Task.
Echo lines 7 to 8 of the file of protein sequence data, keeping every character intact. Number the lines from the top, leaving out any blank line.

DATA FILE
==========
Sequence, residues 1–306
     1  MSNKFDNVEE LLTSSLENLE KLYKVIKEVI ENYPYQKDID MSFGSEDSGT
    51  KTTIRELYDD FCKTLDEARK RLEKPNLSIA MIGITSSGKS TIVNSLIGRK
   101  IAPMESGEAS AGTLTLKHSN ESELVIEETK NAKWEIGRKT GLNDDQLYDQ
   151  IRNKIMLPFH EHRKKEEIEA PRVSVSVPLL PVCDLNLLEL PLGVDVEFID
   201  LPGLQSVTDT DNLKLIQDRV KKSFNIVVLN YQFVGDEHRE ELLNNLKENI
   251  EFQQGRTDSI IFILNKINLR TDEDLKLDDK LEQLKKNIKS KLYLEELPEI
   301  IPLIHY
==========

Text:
   251  EFQQGRTDSI IFILNKINLR TDEDLKLDDK LEQLKKNIKS KLYLEELPEI
   301  IPLIHY